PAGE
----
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For The Love Of Chihuahuas



In the following paragraphs are just the basics of how to care for a new puppy and some information that may save your puppies life in an emergency situation. I will also try to educate you to be observant so

you may meet the needs of even the tiniest of my little puppies.


One of the biggest mistakes people make when they purchase a new puppy is they immediately have to take it

visiting to show it off. NOT A GOOD IDEA !! Do Not Take your dog to a PET STORE. Take your puppy straight home

and try your very best to keep it there until it has adjusted to it's new surroundings and it's new parents. Don't do

anything that stresses the puppy out like going out shopping for new puppy clothes. You will have plenty of time

later. You can place a small stuffed toy with your puppy for a little company. Do not allow your puppy to have run of

the house. Your puppy should be placed in a small area /crate/playpen etc. He will not be able to find his food and

water if he goes out exploring a big room or house. Please remember these are very small puppies and even a small

room to us is a huge place for them. If you put your puppy alone in a room to "cry" himself to sleep. They may feel to

be in great harm. Make sure your puppy is comfortable and feels safe.

Going to the Vet

When going to the vet, please keep your puppy in a crate or in your lap when visiting the vets office. Do not let it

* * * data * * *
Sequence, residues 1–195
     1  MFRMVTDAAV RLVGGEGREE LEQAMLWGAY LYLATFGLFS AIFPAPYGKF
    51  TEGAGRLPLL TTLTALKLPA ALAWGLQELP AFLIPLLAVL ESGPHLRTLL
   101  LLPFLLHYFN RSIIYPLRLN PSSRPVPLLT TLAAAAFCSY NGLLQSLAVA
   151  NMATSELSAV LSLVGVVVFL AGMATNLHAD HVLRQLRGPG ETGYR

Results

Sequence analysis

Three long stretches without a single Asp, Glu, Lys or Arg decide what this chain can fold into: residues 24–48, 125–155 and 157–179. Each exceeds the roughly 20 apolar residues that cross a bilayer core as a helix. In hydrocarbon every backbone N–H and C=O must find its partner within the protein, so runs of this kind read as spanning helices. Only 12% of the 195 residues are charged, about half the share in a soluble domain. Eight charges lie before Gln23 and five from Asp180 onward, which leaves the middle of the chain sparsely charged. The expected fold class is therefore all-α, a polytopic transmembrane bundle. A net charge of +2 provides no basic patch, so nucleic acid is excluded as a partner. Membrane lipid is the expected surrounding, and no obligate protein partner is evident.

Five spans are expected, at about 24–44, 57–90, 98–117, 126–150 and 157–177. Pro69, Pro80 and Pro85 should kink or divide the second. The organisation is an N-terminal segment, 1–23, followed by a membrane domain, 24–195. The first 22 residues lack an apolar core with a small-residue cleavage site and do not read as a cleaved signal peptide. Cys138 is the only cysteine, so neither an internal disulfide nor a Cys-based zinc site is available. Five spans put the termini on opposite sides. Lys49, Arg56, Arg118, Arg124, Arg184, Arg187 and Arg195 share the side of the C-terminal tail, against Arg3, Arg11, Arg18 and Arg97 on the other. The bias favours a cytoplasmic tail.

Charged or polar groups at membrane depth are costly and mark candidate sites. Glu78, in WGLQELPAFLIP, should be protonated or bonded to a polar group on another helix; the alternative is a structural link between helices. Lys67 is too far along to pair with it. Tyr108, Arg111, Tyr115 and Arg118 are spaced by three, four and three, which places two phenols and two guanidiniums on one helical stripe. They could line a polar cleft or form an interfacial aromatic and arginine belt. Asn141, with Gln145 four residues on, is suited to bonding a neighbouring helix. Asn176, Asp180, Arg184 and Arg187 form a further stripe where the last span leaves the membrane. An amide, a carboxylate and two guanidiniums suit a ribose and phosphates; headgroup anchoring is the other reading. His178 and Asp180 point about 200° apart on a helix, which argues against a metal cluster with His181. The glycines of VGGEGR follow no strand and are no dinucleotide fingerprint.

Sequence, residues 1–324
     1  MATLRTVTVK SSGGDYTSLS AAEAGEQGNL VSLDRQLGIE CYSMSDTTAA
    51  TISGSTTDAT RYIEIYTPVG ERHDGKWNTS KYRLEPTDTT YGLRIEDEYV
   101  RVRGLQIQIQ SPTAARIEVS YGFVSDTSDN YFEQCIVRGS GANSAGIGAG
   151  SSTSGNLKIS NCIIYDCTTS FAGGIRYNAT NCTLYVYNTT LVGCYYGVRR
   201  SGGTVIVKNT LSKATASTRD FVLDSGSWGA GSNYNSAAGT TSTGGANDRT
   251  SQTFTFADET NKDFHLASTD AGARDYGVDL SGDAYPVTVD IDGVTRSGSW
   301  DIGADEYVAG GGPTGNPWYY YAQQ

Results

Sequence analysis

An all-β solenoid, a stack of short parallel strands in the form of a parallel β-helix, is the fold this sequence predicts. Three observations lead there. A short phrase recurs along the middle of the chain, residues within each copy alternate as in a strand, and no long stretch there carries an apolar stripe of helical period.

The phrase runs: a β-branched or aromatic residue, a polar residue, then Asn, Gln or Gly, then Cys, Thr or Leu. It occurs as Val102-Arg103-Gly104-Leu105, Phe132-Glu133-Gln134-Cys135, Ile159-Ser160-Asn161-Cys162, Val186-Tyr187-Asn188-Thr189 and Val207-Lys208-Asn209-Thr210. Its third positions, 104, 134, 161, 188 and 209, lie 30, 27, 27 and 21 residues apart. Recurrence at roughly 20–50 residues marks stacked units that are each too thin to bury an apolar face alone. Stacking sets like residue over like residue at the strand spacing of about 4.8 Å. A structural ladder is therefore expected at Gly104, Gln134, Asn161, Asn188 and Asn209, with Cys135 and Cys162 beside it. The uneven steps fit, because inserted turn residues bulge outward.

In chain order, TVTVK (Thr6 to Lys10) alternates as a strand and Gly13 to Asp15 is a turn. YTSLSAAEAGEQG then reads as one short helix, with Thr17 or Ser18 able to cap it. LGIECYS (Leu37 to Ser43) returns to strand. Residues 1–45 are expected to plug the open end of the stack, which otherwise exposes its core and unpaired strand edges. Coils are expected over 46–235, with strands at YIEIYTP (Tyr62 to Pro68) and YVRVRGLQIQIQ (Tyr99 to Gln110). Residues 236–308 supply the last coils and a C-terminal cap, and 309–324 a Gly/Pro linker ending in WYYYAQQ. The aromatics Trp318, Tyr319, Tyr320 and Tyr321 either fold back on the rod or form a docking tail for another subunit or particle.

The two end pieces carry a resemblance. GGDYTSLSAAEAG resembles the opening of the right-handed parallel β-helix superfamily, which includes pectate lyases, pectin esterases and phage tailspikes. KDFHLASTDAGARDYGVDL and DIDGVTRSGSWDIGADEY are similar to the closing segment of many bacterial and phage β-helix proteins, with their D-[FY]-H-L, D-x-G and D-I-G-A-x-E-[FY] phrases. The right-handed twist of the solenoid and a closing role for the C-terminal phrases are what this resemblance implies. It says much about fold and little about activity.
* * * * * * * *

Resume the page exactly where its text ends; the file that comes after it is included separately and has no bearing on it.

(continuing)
romp on the floor or furniture and most certainly do not allow it to socialize with other animals that also may be in the

office at the same time. Do not let others handle or pet your puppy. Their hands may carry germs that will cause your

puppy to become sick. Where do all people take sick dogs? To the vet! Where is the best place to pick up germs or

contract disease? Naturally, it's where everyone takes sick dogs. TO THE VET!!

Your puppy will already have its first series of puppy shots when you receive it. Make sure that you complete the

proper series of puppy shots as this could save your puppies life. If the vet you choose says your puppy will have to

be started over on its shots already given run out the door! It is vital that you do not overload your little Chihuahuas

immune system. This can cause just as many problems as not receiving any puppy shots. Make sure you take your

new puppy to someone you feel comfortable with. Make sure that you do not do more than one treatment in a visit. If

you puppy needs a worm treatment ask to take it home and give a couple days after the vaccination was given. Also